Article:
Russia is facing a budget deficit for four years in a row, and the reserves accumulated in the “fat years” have begun to melt. This follows from the draft “Guidelines for Tax, Budget and Customs Tariff Policy for 2023-2025”, presented on June 20 at a meeting of the State Duma Budget Committee. RTVI has studied this document (available to the editors), on the basis of which the budget of Russia will be formed.
The consequences of sanctions are only growing
The task of the state for the coming years is to create stable and predictable economic conditions. “If your roof is torn off by a hurricane, you can change the rafters, repair the roof, install an overhead light, but you can’t change the foundation, because after that the house will collapse,” Central Bank Deputy Chairman Alexei Zabotkin cited the allegory at a meeting in the State Duma (RTVI followed the broadcast). The foundation is macroeconomic stability.
- The Ministry of Finance expects the economy to return to pre-crisis levels by 2025. After a 7.8% decline in 2022 and a 0.7% slowdown in 2023, GDP will resume growth at 3.3% in 2024 and 2.7% in 2024-2025.
Some other analysts’ forecasts are less optimistic. S&P predicted Russia’s ten-year return to the level of 2021. Similar point of view adheres to Head of Sberbank German Gref.
“We are not yet seeing the full impact [санкций] “They are only growing so far,” said Alexei Kudrin, chairman of the Accounts Chamber, at a meeting in the State Duma.
- The real disposable income of Russians in 2022 will fall by 6.8%, wages – by 3.8%, the Ministry of Finance predicts. Growth will resume in 2023, by 1.3% and 0.8%, respectively.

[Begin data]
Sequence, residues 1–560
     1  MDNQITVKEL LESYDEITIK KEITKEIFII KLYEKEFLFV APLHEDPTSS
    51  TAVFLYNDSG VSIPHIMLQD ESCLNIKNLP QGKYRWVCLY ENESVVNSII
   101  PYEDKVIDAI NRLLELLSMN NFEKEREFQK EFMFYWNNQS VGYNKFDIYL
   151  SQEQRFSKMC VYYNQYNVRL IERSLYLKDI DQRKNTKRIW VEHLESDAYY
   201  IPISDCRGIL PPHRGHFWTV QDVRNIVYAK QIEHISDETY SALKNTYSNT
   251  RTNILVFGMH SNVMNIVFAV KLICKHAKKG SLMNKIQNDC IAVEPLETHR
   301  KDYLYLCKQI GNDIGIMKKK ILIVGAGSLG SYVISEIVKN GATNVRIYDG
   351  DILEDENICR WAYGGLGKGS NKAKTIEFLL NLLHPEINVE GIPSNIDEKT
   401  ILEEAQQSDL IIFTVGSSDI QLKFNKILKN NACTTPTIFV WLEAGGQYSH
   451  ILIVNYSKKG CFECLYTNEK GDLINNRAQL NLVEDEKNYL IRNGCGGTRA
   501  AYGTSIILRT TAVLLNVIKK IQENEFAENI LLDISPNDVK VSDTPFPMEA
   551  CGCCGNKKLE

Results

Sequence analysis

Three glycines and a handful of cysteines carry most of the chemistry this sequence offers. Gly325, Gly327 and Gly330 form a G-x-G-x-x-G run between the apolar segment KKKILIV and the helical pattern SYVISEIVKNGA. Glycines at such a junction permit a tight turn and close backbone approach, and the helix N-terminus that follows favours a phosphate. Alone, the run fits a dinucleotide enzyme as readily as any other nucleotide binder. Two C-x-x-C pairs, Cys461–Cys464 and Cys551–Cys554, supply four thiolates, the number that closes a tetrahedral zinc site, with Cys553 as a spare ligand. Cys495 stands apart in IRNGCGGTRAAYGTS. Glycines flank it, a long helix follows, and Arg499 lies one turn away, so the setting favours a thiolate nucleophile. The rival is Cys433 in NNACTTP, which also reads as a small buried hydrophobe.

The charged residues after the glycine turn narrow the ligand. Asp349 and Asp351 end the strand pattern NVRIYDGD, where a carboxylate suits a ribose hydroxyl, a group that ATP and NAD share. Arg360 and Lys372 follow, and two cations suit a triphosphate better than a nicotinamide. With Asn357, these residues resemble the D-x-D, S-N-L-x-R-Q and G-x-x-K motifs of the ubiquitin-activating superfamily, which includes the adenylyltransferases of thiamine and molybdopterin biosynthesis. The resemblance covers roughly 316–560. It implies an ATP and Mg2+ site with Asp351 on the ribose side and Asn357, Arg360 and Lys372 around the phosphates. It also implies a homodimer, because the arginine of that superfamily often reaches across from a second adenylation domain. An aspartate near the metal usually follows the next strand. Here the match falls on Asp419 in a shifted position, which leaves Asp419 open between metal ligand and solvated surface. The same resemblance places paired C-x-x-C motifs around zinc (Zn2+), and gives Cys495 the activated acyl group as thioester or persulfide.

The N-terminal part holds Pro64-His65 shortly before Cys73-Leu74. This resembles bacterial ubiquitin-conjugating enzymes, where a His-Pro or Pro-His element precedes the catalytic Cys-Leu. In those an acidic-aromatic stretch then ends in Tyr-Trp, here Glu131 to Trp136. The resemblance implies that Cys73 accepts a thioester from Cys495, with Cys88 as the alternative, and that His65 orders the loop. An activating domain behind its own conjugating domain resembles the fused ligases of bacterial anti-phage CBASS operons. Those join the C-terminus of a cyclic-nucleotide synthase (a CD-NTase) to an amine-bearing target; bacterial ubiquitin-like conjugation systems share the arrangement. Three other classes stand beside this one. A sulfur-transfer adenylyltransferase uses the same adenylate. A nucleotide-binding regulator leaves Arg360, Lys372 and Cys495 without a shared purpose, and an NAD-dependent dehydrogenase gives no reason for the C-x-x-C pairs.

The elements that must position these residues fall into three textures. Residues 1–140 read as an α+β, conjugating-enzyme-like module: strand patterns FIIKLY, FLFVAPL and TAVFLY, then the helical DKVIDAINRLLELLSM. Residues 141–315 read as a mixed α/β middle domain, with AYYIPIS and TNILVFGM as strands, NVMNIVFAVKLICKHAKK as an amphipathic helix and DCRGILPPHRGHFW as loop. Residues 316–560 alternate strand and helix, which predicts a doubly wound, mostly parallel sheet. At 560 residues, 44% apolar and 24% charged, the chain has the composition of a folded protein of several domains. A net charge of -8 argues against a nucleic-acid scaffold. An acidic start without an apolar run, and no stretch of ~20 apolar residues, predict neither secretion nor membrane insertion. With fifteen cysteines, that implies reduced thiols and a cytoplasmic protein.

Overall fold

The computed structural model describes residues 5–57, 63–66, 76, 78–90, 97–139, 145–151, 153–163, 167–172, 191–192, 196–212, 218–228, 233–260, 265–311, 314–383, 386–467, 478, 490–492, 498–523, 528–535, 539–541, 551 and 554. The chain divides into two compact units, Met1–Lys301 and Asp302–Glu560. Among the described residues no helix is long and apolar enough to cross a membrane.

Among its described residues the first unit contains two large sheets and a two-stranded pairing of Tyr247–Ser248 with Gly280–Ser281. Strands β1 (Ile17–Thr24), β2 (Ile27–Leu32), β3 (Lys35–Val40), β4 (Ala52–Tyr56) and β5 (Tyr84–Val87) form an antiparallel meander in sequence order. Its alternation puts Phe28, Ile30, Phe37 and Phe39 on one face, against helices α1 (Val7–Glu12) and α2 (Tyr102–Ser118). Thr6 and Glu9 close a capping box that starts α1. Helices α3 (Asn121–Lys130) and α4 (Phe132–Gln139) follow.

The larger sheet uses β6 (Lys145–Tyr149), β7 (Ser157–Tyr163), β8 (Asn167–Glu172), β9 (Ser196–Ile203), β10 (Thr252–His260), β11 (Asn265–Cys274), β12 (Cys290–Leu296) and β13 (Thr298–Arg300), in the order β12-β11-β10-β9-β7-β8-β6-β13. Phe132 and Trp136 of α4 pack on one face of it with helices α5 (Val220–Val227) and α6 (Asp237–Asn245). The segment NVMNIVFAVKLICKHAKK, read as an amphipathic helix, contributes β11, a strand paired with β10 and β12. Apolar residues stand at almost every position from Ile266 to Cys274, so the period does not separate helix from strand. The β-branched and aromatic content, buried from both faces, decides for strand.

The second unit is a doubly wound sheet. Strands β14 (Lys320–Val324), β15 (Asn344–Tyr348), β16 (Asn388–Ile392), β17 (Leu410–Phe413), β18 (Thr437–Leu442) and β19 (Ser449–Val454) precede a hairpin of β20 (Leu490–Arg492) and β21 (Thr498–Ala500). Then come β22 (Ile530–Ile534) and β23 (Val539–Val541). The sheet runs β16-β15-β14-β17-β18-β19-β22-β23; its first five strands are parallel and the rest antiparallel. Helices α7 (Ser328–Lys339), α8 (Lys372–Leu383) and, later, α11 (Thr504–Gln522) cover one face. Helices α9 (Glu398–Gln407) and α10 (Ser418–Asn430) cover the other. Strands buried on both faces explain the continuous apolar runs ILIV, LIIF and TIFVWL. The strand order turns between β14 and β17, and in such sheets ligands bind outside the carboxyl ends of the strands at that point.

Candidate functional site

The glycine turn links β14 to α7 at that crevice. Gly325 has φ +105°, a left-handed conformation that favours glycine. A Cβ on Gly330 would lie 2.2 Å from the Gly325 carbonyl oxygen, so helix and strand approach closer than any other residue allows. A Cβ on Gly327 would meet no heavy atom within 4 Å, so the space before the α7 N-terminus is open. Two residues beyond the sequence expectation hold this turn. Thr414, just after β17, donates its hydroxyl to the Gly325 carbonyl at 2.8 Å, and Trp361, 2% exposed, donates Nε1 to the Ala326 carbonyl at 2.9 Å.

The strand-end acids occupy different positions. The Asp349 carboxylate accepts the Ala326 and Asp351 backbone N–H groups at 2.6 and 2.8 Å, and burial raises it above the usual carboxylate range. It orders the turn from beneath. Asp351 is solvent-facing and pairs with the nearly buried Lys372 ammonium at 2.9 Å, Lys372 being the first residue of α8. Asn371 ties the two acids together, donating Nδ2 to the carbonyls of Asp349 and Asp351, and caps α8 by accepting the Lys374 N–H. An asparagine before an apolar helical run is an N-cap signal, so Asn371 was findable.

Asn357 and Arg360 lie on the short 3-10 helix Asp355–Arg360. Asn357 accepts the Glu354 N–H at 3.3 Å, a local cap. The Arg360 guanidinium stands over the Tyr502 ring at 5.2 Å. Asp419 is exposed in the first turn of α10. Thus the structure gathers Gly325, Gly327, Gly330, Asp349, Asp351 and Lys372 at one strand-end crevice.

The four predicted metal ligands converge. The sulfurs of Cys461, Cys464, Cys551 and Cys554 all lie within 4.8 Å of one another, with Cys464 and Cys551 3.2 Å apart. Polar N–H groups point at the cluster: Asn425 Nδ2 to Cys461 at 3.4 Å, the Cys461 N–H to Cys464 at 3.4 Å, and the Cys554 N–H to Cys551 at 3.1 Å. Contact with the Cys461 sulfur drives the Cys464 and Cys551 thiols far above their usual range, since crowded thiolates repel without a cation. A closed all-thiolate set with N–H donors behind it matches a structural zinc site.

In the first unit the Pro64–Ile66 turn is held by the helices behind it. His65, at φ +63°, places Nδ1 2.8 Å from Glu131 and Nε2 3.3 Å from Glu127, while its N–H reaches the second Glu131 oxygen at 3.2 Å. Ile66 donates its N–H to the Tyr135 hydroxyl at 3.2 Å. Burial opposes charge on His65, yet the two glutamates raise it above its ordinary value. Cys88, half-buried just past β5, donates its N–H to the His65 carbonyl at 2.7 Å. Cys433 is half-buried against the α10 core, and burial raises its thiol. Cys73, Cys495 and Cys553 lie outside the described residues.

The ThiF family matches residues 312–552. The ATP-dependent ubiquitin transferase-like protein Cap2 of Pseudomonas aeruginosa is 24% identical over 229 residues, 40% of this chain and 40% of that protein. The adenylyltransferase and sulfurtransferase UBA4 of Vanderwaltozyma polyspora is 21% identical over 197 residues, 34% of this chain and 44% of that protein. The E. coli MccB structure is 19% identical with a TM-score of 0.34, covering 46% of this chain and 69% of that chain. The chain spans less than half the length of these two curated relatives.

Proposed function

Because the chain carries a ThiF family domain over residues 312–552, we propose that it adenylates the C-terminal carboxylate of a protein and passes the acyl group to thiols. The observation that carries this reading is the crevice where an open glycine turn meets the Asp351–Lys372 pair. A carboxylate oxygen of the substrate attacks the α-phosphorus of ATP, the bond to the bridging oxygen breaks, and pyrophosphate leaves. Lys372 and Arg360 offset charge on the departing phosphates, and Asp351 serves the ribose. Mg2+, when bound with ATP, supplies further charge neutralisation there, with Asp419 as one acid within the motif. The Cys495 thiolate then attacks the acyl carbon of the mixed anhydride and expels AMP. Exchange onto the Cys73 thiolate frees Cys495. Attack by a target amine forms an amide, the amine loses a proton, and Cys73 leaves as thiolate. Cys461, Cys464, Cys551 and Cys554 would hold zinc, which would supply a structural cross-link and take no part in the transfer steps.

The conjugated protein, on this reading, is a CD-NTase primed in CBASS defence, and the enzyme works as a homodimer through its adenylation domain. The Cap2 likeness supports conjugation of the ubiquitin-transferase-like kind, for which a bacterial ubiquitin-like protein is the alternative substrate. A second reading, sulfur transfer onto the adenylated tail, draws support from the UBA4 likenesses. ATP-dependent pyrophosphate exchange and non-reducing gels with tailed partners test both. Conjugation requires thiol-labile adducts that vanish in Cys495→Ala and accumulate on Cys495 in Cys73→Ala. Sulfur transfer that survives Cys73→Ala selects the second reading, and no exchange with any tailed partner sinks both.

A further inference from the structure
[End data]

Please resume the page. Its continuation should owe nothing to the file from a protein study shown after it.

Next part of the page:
- Inflation will be 17.5% in 2022 and 6.1% in 2023. CB hopes tame price increases to 5-7% in 2023 and bring inflation to a target of 4% in 2024.
- The ruble exchange rate will be 76.7 rubles per dollar in 2022 and 77-81 rubles per dollar in 2023-2025.
Investment will fall by 19.4% in 2022 and start to grow slowly in 2023, but will not overcome the pre-crisis level due to technological restrictions and the curtailment of large export-oriented projects, the Ministry of Finance noted.
Public debt will increase by 34%
In the coming years, Russia’s budget will be in deficit: 1.2% in 2022, 1.1% in 2023, 0.9% in 2024 and 0.8% in 2025. For comparison, in the pandemic 2020 deficit was the largest in 10 years – 3.8% of GDP or 4.1 trillion rubles.
“Holes” in the budget in the coming years will be closed by domestic borrowing (OFZ) due to Russia’s isolation from external financing markets. The Ministry of Finance plans to increase the public debt by almost 34%, or by 7 trillion rubles. — from 20.9 trillion rubles. by the end of 2021 to 28 trillion in 2025. In relation to GDP, its share will be stable – about 16%. The Ministry of Finance proposes to define the cost of servicing the public debt as a budget deficit and repay it through new borrowings.
Before the pandemic, Russia’s public debt was minimal, but increased by almost 40% in 2020. Russia spends 1.4 trillion rubles on public debt servicing. per year, and in 2025 expenses will exceed 2 trillion rubles, before the pandemic they were exactly half as much, Siluanov noted.
Oil and gas revenues will decline
The US banned imports of Russian oil in March. In June, the European Union also introduced a partial embargo on maritime supplies. Export volumes are less predictable than at any time in 20 years. The transmission of rent volatility to the economy could be “disastrous for development,” the Finance Ministry notes:
- Oil and gas revenues will gradually decrease by 25.5% – from 10.433 trillion (7.4% of GDP) in 2022 to 7.772 trillion rubles. (4.6% of GDP) by 2025;
- The share of budget revenues from oil and gas will decrease from 40.9% in 2022 to 30.2% by 2025;
- The price of Urals oil will be $80.1 per barrel by the end of 2022 and will fall in price to $61 per barrel by 2025;
- Oil production will decrease by 9.3% – from 524 million tons in 2021 to 475.3 million tons in 2022.
Russian Urals oil cost $87,491 per barrel on average for the month from May 15, 2022 to June 14. It is trading at a discount of more than $33 per barrel to Brent prices.
We must keep the “airbag”